Modern feminists like Catherine Redfern (co-author of Reclaiming the F Word), Nina Power (author of One Dimensional Woman) and Ariel Levy (who wrote Female Chauvinist Pigs) ask some tough and important questions: how come the stereotypes of female sexuality that feminism once endeavoured to break are now presented as empowerment? Instead of trying to beat sexism, women today are enthusiastically joining in with their own debasement.

Look on the web and you see self-abuse, anorexia, alcoholism, shopping and love of chocolate repackaged as hip, fun feminism. Middle-class whoring (made popular by the Secret Diary of a Call Girl, which this week returns to our screens), pole dancing and promiscuity have become signs of liberation. Surveys show that large numbers of teenage girls would rather be WAGs than professionals; they want to marry rich guys and stay at home.

Meanwhile, rape conviction rates, which were 33 per cent in the 1970s (when British feminism was loud and confident) are down to 6 per cent today. Never before have we had such levels of domestic violence and murders, trafficking and sexual exploitation. And the recession is punishing many more females than males. Drowning in a bowl of soapy dishwater sometimes feels more appealing than living through these times.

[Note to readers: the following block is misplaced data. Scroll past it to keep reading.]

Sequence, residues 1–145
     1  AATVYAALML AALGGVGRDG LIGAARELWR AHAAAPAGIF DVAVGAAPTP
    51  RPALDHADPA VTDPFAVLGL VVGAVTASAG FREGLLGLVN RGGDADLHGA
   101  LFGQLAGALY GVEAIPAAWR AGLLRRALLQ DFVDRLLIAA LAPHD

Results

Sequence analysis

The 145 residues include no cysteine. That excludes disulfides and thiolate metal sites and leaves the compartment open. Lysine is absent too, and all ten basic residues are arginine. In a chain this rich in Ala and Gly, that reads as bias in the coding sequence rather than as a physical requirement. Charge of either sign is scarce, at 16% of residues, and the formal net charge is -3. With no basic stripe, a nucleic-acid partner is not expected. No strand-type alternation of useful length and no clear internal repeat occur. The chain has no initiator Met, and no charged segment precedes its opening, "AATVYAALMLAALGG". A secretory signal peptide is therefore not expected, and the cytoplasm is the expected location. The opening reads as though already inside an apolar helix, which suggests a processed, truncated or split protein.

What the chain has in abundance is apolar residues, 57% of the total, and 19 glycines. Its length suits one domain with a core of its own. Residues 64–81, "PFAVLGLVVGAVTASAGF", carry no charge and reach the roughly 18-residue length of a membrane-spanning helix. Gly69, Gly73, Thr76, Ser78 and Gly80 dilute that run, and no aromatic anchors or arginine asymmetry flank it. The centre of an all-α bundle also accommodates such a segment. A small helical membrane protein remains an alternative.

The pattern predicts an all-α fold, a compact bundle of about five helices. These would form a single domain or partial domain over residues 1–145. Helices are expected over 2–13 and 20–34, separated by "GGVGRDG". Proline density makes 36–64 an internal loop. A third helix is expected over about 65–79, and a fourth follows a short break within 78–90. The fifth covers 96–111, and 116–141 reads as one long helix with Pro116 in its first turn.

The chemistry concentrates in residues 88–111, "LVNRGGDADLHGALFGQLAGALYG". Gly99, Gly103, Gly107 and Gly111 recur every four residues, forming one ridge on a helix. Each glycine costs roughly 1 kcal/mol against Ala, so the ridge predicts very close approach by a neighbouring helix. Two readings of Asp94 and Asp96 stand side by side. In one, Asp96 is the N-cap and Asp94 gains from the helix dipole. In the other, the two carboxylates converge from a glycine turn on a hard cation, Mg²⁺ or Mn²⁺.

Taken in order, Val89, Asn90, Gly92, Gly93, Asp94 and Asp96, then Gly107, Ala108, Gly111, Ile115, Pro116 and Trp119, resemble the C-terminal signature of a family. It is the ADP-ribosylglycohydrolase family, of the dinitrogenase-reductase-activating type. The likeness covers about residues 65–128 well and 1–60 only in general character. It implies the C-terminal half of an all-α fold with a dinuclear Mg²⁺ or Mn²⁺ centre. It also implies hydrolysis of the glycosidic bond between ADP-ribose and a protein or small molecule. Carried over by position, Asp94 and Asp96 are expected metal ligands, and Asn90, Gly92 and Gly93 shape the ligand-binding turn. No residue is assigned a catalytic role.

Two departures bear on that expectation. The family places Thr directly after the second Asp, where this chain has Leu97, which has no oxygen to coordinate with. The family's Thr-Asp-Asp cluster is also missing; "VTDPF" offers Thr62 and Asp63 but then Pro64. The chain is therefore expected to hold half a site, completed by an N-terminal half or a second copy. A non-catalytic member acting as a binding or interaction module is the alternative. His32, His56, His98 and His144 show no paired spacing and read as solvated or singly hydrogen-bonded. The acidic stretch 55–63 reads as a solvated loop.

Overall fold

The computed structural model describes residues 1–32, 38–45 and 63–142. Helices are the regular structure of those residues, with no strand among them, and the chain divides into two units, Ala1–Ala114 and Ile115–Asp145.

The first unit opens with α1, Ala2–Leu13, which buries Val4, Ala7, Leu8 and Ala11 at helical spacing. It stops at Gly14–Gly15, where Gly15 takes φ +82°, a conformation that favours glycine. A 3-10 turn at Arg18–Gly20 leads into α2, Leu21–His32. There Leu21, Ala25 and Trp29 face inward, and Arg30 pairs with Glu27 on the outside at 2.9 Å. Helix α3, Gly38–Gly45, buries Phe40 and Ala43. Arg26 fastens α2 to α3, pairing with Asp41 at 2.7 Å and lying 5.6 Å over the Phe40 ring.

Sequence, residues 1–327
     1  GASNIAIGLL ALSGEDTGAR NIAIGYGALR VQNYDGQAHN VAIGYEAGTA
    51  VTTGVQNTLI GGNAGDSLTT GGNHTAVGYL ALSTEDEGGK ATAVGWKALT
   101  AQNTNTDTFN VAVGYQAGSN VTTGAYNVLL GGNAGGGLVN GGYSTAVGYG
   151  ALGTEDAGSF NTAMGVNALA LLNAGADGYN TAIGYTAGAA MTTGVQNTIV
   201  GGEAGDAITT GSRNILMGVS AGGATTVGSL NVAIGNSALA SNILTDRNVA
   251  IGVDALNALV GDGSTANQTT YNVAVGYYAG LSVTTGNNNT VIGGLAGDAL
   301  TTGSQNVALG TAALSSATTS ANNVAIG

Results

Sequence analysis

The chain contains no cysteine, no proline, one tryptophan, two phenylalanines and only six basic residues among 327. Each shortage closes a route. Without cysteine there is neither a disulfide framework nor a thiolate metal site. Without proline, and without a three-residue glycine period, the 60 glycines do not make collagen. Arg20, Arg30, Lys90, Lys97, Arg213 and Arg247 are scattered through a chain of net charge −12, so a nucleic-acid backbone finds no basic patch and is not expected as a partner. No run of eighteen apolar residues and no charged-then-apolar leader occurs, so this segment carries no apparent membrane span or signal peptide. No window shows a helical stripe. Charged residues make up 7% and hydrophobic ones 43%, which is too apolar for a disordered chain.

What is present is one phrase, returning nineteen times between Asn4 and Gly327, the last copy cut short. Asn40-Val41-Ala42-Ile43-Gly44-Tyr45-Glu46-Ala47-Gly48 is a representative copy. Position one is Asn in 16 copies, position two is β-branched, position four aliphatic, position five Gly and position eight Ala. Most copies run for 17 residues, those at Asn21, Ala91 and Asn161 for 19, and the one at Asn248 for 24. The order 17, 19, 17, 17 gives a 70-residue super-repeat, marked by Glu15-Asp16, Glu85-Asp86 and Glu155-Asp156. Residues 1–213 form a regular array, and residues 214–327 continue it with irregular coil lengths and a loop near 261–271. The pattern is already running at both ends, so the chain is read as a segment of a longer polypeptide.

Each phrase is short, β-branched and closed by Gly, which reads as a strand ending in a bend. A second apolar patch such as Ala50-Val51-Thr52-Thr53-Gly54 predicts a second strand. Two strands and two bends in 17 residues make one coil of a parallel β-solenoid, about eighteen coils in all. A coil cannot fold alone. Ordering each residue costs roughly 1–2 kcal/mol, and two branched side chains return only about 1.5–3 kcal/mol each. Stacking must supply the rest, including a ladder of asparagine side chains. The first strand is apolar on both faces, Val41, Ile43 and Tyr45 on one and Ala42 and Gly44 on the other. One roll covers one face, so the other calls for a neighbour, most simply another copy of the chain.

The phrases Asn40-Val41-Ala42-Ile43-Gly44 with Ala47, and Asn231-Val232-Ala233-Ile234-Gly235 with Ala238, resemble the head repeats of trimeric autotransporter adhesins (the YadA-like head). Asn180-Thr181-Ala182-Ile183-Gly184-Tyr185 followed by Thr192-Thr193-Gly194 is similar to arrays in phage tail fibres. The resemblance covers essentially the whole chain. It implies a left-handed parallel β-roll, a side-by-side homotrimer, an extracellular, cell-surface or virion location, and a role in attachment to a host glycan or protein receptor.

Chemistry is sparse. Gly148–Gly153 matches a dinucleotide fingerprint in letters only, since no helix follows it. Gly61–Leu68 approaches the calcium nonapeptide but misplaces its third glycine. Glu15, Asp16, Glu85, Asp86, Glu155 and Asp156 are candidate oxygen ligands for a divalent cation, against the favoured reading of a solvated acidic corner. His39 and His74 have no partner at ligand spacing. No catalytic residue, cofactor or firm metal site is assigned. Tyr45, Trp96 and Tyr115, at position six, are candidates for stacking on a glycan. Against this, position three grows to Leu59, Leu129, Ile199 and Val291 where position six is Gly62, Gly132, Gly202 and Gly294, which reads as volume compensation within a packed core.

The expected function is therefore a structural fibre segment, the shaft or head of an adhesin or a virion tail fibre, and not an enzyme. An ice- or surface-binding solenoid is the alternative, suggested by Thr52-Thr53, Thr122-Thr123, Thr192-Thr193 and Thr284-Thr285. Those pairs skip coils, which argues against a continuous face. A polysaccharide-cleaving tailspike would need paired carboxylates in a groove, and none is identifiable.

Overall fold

Some of the forces rising against these disheartening trends are also reactionary and will do the cause of gender equality no good: veiling, authoritarian child-rearing regimes, anti-feminism ideologies which promote ruthless individualism, ambition and feminine guile. So go up the ladder, fillies, wearing skirts and thongs and high, high heels, and you will never look back. Until they tire of you and have you pushed off – often by another woman, like Jay Hunt, who when controller of BBC1 did just that to Miriam O'Reilly, a popular BBC presenter.